What is Lyme disease?
Lyme disease is caused by a bacteria, Borrelia burgdorferi. The disease was first recognized in 1975 when large numbers of children were diagnosed with juvenile rheumatoid arthritis in Lyme, Connecticut, and two neighboring towns. Further research showed that bites from deer ticks infected with the bacterium were responsible for the outbreak of arthritis. Ordinary "wood ticks" and "dog ticks" do not carry the infection.
In the U.S., the Centers for Disease Control and Prevention estimates there are about 300,000 cases per year, even though the number reported is much lower.
Symptoms and Causes
What are the symptoms of Lyme disease?
Lyme disease may evolve through several phases or stages which can overlap, causing symptoms that may involve the skin, joints, heart or nervous system.
Early Lyme disease typically causes a reddish rash or skin lesion known as erythema migrans (EM). The rash starts as a small red spot at the site of the tick bite 1 to 4 weeks after the bite. It expands over a period of days or weeks, forming a circular, triangular, or oval-shaped rash. The rash may look like a bull’s eye because it appears as a red ring that surrounds a clear center area. The rash can range in size from that of a dime to the entire width of a person's back. As infection spreads, several rashes (EM lesions) can appear at different sites on the body.
If the infection goes untreated, you may develop multiple areas of rash, paralysis of facial muscles (Bell’s palsy), heart block (interruption of the electrical system of the heart) or areas of numbness or abnormal sensation (neuropathy).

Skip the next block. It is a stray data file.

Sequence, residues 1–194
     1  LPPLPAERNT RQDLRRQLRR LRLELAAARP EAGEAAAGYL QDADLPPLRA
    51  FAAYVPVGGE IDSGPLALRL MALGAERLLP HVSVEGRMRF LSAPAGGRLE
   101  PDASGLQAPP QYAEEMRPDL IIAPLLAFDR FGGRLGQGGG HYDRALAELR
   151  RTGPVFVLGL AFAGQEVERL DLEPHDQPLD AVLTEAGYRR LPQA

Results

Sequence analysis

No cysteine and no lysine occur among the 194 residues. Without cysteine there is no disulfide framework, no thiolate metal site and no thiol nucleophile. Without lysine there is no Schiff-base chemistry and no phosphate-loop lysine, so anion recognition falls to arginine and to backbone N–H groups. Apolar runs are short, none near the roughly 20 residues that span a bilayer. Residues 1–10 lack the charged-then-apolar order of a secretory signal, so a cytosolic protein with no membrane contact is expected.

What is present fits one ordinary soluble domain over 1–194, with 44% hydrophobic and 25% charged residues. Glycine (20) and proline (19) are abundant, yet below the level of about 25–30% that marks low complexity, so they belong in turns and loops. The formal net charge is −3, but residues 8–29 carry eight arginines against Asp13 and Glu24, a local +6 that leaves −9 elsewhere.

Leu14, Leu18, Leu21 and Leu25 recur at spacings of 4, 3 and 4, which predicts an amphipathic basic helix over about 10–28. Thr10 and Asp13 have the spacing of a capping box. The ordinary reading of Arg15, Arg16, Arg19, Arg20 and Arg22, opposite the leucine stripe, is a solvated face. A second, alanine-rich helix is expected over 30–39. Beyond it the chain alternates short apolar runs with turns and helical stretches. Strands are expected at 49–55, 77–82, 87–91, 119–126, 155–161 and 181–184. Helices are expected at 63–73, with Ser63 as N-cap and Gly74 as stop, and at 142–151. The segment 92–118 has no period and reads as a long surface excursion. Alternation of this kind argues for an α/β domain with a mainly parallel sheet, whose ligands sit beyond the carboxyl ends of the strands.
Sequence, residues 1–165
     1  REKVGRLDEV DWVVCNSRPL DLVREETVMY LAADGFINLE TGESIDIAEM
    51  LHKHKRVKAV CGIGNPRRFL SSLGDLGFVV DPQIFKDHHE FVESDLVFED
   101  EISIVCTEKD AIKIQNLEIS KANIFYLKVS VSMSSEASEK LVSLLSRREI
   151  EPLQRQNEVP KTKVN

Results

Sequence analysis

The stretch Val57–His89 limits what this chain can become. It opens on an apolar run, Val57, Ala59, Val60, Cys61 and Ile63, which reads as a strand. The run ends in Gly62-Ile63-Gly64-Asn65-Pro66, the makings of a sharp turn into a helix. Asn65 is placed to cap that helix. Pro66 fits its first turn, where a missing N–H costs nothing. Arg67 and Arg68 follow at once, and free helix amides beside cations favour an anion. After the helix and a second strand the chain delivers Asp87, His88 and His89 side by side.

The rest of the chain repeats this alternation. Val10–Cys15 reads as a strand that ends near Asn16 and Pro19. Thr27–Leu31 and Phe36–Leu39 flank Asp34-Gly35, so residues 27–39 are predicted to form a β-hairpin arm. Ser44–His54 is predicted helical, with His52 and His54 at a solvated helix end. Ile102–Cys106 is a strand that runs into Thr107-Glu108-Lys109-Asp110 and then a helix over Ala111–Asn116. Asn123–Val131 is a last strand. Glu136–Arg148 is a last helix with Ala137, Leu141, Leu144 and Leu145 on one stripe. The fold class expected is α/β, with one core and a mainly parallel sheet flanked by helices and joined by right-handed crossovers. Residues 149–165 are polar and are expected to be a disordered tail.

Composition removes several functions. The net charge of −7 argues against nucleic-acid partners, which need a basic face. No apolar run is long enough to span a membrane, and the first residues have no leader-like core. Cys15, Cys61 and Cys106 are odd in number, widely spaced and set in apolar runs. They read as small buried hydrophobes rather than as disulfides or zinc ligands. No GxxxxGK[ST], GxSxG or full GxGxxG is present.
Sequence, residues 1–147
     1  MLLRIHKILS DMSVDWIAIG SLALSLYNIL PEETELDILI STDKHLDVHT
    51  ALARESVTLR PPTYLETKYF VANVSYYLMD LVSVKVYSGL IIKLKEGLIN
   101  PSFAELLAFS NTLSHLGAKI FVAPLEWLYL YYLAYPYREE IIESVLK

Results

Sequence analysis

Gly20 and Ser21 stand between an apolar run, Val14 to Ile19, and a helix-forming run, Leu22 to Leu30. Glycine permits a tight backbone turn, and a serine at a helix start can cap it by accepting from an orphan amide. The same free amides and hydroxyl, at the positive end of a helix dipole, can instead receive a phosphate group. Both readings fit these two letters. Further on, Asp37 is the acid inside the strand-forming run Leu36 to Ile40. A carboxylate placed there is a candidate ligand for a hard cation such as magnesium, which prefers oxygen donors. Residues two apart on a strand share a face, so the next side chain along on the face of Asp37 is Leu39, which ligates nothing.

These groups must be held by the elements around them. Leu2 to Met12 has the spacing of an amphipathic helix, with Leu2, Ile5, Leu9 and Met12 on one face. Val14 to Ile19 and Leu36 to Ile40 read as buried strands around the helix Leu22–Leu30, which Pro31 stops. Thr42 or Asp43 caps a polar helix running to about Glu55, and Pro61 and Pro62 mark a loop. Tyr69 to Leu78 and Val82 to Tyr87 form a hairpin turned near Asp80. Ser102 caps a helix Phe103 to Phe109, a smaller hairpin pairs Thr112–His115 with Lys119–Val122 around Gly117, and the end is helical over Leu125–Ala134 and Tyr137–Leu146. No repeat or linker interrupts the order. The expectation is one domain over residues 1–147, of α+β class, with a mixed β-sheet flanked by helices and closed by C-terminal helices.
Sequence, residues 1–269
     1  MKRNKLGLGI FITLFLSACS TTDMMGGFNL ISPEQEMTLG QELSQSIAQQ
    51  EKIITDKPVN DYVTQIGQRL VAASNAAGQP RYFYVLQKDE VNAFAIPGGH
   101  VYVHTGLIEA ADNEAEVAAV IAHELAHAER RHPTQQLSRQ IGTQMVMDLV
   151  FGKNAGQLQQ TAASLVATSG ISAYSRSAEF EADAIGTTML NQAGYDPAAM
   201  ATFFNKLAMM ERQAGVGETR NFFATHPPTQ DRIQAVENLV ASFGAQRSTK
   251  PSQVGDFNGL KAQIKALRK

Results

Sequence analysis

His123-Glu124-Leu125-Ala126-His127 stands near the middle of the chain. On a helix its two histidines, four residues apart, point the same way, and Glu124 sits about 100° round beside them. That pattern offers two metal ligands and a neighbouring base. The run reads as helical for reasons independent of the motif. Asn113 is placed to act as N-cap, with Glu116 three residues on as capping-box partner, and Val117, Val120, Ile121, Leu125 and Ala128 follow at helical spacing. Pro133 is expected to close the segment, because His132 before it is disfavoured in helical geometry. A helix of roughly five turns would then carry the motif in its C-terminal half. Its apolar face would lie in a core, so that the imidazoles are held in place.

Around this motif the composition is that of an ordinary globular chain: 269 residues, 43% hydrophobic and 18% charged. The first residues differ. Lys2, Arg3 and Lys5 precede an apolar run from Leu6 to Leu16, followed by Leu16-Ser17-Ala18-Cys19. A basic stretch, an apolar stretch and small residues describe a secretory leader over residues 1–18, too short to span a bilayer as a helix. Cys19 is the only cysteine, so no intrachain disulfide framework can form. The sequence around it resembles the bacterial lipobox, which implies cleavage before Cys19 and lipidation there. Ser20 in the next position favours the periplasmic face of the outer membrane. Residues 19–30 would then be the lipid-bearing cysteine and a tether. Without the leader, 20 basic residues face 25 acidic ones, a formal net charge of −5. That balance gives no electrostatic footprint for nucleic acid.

Untreated late Lyme disease, which occurs months to a year after the initial infection, is most commonly associated with recurring episodes of swollen joints (arthritis) typically of large joints such as the knee. Additionally some patients may develop difficulty concentrating, which is called “brain fog” (encephalopathy).
Diagnosis and Tests
How is Lyme disease diagnosed?
Lyme disease may be difficult to diagnose because many of its symptoms mimic those of other disorders. In addition, the only distinctive symptom of Lyme disease, the red rash, does not happen or is not noticed by one-fifth of those who become infected. Many people can’t recall having been bitten by a tick, because the tick is tiny, and its bite is usually painless.
If no rash is present, doctors will make the diagnosis on the basis of a detailed medical history, a careful physical examination, and laboratory tests to confirm their suspicion.
No test is perfect and the current testing for Lyme disease is no exception. Very early in the disease, testing will be negative as the body has not had time to develop a response that can be measured. Once the body responds, the positive test may persist for years even if Lyme is treated properly. Current research efforts are working to develop improved testing for Lyme disease.
Management and Treatment
How is Lyme disease treated?
Nearly all people with Lyme disease can be effectively treated with antibiotics, usually doxycycline or amoxicillin. The duration of treatment depends on the stage of infection. In general, the sooner such therapy is initiated following infection, the quicker and more complete the recovery.